PORT-AU-PRINCE (Reuters) - Crumbled walls cover priceless works of Haitian art. There are dead bodies outside the entrance. Food will run short soon.
Following the devastating earthquake that wrecked Haiti’s capital, Port-au-Prince, the once-elegant Hotel Villa Creole, set on a hillside with lush tropical vegetation, is still, astonishingly, open for business.
The establishment is operating a hospital in its front entrance and allowing scores of aid workers, journalists and others to camp out on its grounds.
“A hotel has to be like a father, mother, everything at the same time,” said its Haitian general manager, Frantz Rimpel, who began at the establishment washing dishes 42 years ago.
He and the Villa Creole staff have lived through their fair share of crises in the poor Caribbean state — the fall of governments and devastation of hurricanes — but nothing quite like this.
Tens of thousands of Haitians are feared dead after Tuesday’s powerful earthquake, and countless more are hurt or homeless.
“When (President Jean-Bertrand) Aristide was thrown out in 2004, it was tough. An Italian journalist had toothache, and when I took him to see a doctor, they nearly killed us at a roadblock,” he said. “But this earthquake overshadows everything. We were totally unprepared.”
Like many of the buildings in the upscale Petionville district of Port-au-Prince, the hotel has taken a big hit from Tuesday’s disaster, its central structure crushed.
Beautiful paintings and carvings lie covered in dust and cement blocks.
No staff members were hurt in the destruction, although like all Haitians at this time of national disaster, most have lost relatives and friends.
In the first few days, the hotel simply — and generously — left its doors open, allowing foreign aid workers, correspondents and others with nowhere to go to come in for free. A generator kept power up, and an Internet service was occasionally conjured up from somewhere.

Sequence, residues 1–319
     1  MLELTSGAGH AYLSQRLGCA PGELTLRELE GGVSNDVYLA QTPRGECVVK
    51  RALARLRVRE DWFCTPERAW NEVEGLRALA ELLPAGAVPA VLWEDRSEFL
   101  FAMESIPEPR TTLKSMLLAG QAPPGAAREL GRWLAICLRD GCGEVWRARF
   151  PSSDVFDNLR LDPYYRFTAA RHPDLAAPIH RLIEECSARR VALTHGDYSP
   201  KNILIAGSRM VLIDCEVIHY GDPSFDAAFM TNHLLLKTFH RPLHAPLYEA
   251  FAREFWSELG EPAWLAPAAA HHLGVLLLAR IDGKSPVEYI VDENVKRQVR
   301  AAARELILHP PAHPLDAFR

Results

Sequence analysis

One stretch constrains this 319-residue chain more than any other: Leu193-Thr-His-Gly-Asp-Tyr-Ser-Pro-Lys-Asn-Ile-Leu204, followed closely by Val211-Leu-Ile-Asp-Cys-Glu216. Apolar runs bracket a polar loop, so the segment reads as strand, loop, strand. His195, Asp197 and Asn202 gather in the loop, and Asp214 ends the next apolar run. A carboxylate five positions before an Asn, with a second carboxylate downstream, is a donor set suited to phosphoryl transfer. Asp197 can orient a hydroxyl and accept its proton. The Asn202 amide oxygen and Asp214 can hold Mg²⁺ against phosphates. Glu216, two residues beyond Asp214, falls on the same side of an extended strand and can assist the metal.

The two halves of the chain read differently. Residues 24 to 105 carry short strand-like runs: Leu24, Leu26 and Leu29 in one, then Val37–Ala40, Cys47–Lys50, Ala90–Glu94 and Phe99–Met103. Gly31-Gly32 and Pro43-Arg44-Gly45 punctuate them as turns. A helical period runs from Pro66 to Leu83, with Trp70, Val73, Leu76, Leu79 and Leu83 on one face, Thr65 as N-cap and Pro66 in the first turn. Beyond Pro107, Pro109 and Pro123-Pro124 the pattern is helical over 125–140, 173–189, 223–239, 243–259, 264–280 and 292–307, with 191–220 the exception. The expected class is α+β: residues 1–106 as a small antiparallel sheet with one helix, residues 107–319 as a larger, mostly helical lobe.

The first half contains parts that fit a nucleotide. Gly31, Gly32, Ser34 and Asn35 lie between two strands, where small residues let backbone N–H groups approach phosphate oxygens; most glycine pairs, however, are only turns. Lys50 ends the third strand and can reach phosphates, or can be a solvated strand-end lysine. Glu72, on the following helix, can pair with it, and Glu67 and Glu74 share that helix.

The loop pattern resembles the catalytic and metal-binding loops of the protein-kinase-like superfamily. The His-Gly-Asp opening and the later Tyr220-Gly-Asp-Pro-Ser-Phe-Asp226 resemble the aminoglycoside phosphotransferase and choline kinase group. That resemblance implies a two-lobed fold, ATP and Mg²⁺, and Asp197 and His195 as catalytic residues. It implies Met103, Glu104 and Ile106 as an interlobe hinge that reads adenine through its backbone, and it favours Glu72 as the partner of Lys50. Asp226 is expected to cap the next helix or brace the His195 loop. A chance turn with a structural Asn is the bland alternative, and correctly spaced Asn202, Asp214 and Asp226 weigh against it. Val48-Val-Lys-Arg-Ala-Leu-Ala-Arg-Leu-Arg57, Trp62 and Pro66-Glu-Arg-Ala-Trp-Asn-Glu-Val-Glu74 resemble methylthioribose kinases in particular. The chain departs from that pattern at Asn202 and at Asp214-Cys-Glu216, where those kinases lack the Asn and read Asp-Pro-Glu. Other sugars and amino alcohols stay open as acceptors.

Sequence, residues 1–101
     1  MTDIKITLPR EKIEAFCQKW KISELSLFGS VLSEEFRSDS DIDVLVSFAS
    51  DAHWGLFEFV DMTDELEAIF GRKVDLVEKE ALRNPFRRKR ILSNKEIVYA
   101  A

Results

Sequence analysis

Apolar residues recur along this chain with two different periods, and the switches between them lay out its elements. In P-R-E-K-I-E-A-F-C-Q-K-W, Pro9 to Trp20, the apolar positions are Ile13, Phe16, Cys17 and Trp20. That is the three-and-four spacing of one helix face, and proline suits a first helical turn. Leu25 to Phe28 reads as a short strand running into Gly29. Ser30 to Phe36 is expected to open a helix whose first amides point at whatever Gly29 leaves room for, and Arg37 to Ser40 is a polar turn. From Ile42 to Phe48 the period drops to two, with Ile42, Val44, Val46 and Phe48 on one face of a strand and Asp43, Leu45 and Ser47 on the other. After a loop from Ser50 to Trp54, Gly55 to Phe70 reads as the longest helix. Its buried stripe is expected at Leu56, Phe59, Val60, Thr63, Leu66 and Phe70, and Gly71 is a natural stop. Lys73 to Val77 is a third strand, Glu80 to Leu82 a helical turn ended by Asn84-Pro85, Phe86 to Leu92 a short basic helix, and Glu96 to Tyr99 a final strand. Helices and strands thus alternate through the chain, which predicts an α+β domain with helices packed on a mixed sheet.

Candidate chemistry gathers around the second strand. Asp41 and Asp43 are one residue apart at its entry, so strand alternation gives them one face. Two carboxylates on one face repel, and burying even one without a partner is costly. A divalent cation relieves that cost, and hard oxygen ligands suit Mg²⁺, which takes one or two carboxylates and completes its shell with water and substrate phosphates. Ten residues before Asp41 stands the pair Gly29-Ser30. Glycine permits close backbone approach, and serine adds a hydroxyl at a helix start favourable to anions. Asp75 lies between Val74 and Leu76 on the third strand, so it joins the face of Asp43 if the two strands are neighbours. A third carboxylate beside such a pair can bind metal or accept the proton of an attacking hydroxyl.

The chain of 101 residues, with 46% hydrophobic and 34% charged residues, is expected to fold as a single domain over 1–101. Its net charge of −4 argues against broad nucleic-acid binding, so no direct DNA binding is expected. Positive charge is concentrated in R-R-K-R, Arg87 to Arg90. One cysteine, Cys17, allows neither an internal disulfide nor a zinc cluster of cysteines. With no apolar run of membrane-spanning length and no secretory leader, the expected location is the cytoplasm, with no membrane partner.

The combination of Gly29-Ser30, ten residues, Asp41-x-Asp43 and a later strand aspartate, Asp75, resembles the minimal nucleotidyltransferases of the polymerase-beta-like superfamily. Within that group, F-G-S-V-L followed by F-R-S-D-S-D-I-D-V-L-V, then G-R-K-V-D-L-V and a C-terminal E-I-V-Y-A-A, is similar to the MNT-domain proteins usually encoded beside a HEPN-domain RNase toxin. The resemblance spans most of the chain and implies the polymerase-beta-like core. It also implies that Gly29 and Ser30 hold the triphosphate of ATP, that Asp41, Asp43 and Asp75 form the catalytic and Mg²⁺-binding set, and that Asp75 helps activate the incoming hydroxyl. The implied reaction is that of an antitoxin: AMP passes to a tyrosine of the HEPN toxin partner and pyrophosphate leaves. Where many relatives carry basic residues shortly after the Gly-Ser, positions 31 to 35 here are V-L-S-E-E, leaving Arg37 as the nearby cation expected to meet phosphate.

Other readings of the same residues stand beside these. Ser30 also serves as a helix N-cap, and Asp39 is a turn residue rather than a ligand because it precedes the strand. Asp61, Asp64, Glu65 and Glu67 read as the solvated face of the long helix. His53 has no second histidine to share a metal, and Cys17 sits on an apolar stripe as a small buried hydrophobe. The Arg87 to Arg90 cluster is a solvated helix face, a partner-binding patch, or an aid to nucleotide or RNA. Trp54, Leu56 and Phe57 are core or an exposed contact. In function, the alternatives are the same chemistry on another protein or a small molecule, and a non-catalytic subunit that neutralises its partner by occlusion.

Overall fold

When one aid group started handing out medicine and bandages to the injured, word spread, and soon scores of Haitians began to gather outside the front entrance. Some died, and their bodies were left lying in the road.
Overwhelmed by the scale of the injuries coming to them — gashes, internal bleeding, trauma, broken limbs — workers from aid groups Hope for Haiti and the International Medical Corps, both based at the hotel, went out on Thursday in search of facilities to carry out operations.
“My grandparents founded this hotel,” said co-owner Melissa Padberg. “We have lost priceless works of art. But this is nothing to do with money now. We are just trying to keep open to give basic services to our clients, and allow ourselves to somehow help.”
The hotel’s once peaceful swimming pool area is now filled with the chatter and clicks of satellite phones and computers as the world’s foreign media use it as a forward base.
“Yes sweetie, that is the hotel I’m staying in, I’m not joking,” said one American reporter, as he chatted with his daughter on the Skype Internet telephone service, a Web cam allowing her to see the destruction behind her dad.
“I’m OK — don’t worry about me — but a lot of other people aren’t.”
Hotel rooms are shared (this reporter is with six others), but that does not matter as everyone sleeps in the open air due to aftershocks still hitting Haiti and shaking the Villa Creole every few hours.
In the night air, a melee of sounds floats across the hotel grounds from the streets below: dogs barking, women singing religious chants, coughs and cries of pain, and sudden shrieks and cries of grief as another earthquake victim succumbs.
With the poor and injured lying on the floor outside, and privileged guests inside — albeit sleeping on the lawn and the concrete floors — the Villa Creole has some echoes of Rwanda’s famous Mille Collines hotel where many took refuge during the 1994 genocide in that African country. That story inspired the film “Hotel Rwanda.”
Rimpel is not thinking of such comparisons, just fulfilling what he considers a patriotic duty. “We all want to get Haiti back on its feet. This is just our way of helping.”
Editing by Pascal Fletcher and Peter Cooney